ZIK: The footprint of a legend
By Nwachukwu Ngige ( first published in Thisday, 16/11/08)
EVERY 16th of November is a golden opportunity to reflect on essentials of leadership as Africa remembers one of her heroes, Rt. Hon. Dr. Nnamdi Azikiwe, a foremost pan- Africanist. The Zik of Africa as popularly known was born in Zungeru, in today’s Niger State in 1904. Young Zik travelled to the United States in 1925 in quest for education.
By sheer dint of hard work, determination and perseverance, he bagged strings of academic laurels across colleges and universities such as the Storer, Howard and Lincoln. It was while in America that Zik came in contact with the ideological dynamics of African–American politics of the time. He was thus influenced by the Harlem Renaissance and the inspirational Africanist visions of Marcus Garvey.
He found a great companion in the works of all time great African –American scholar and leader, W.E.B Du Bois. In America too, Zik also experienced the Negritude movement as well as Afro Cubanism in Cuba. These experiences forged him into the most urbane, internationalized and most intellectually equipped of all Nigerian independence advocates.
At the end of his studies, Zik secured a teaching job at the Lincoln University . It was there as a lecturer in 1933, that African history was for the first time introduced into the curriculum of an American university. With this, Zik proved to the sneering white imperialists like Hugh Trevor-Roper of the 1950’s Oxford that Africa has a great history that is different from one long night of savagery. Zik proved “that African history is not an unrewarding gyrations of barbarous tribes.”
However, the comfort of an American job held no attraction for Zik who had a flaming passion to engage his towering academic attainments for the liberation of Africa from the manacles of imperialism. There was a steely conviction in him that his baggage of degrees meant nothing if not deployed to free Africa from the bondage of colonialism, thus his return to Africa in November 1934.
The emergence of Zik in Africa of the 1930s was a big momentum for the anti-colonial struggle. In Ghana in 1934 as the editor of the African Morning Post, the impact of Zik’s anti colonial evangelism was electric. He did not just fire imagination; he inspired concrete steps towards de-colonization.
While addressing Africans in Ghana in January 1937 for instance, Zik declared, “if because I am an instrument of destiny through which imperialism in West Africa is to be challenged and liquidated, and if in this mission I am compelled to pay the supreme penalty, then there is no need for me to quake or to quiver. I am becoming convinced day by day that the New Africa is destined to become a reality. No force under the heavens can stem it. Even my death cannot postpone its crystallization.”
It was his quintessential journalistic torch-bearing, nascent political vibrancy and oratory that attracted disciples like Kwame Nkuruma whom Zik assisted to secure admission at Lincoln University. Nkuruma returned later to lead Ghana to independence. It is on record that Pan Africanists such as Julius Nyerere, Kenneth Kaunda, Houphouet Biogeny of Côte d’Ivoire , Nelson Mandela of South Africa and even Obafemi Awolowo were influenced by Zik.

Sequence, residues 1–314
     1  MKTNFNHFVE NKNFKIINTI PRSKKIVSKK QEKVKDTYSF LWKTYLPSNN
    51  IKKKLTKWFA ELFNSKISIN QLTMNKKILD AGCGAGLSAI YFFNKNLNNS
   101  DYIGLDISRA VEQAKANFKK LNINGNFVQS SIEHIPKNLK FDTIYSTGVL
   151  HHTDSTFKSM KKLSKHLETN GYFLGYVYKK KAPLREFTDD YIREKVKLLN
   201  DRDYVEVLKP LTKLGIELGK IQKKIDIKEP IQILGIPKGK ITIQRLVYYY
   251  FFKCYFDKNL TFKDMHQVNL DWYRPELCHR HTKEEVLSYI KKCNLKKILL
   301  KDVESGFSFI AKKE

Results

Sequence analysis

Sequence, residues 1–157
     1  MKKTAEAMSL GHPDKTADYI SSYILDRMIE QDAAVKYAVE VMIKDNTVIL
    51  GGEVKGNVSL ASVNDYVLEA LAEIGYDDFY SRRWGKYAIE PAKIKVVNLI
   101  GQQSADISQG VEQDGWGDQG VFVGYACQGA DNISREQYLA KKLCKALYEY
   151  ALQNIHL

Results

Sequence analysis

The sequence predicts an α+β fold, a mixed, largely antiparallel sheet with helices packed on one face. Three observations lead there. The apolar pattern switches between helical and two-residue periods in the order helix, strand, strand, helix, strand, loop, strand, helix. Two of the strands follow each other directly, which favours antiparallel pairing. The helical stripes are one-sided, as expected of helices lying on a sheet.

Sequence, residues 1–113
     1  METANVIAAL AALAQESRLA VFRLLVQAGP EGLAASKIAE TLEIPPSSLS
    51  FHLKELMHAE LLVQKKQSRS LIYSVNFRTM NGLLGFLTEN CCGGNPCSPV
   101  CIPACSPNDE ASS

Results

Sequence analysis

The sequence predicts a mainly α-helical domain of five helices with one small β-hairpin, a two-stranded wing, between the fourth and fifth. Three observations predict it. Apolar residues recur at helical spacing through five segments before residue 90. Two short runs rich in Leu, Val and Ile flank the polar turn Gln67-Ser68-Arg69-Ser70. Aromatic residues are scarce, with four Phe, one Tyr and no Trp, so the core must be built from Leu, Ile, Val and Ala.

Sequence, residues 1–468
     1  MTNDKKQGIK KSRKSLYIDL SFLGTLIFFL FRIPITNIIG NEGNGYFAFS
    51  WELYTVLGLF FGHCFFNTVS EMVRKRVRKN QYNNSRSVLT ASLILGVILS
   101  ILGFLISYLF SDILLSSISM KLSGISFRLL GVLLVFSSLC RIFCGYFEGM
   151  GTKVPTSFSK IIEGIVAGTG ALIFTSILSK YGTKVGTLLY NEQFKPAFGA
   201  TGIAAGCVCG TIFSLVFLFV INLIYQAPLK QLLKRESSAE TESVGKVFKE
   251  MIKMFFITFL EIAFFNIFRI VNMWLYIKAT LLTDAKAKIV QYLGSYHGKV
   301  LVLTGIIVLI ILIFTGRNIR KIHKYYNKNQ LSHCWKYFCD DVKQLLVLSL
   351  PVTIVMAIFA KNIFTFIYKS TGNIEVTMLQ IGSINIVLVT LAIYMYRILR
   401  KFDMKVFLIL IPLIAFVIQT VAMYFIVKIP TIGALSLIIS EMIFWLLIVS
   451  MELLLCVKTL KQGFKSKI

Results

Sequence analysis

It is also on record that Zik was one of the conveners of the Pan African conference of 1945 in London where blacks all over the world united for the first time to fight imperialism in Africa. Back in Nigeria , Zik re-engineered the NCNC; fine tuned its course and cause, making it a gritty national political platform for the independence struggle. The Zik’s group of newspapers championed by the West African Pilot was a thorn in the flesh of colonial government.
Under Azikiwe’s inspiration, Nigerians first began to demand total independence. His deep understanding of power dynamics, his nationalism, black philosophical consciousness and above all, intimidating intellectual and academic prowess jolted Nigeria’s independence struggle out of slumber, while affronting the pride and conceit of colonial masters.
His vision and strong belief in one united Nigeria was unmitigated and unmatched. Thus, while some of his contemporaries were content creating impregnable regional bases, Zik pursued a pan Nigerian constituency. From every stretch of calculation, Zik is decidedly the father of Nigeria .
Today, Zik is no more but he has shown the light and our people have found their way. In other climes where tribalism and mediocrity do not blur the vision of leaders, Azikiwe deserves a better memorial. Without Zik historians have noted, the path to Nigeria’s independence would have been different.
He was the eagle on the tallest iroko. Unfortunately, today at Inosi Onira Retreat Onitsha, the Zik mausoleum is still under construction, thanks to President Jonathan under whose leadership work has been renewed on it after being abandoned for over a decade.
Today that ethnic nationalism and terrorism are affronting the adhesive of national unity; Nigerians have a lot to learn from Zik’s unshakable commitment to the unity and progress of Nigeria. Today that politics has become a do or die affair, Nigerians should draw endless lessons from Zik’s maturity, sagacious sense of dialogue and compromise as a panacea to good governance and national cohesion.
*Nwachukwu Ngige, a journalist is the Head of Social Media at the National Secretariat of the PDP.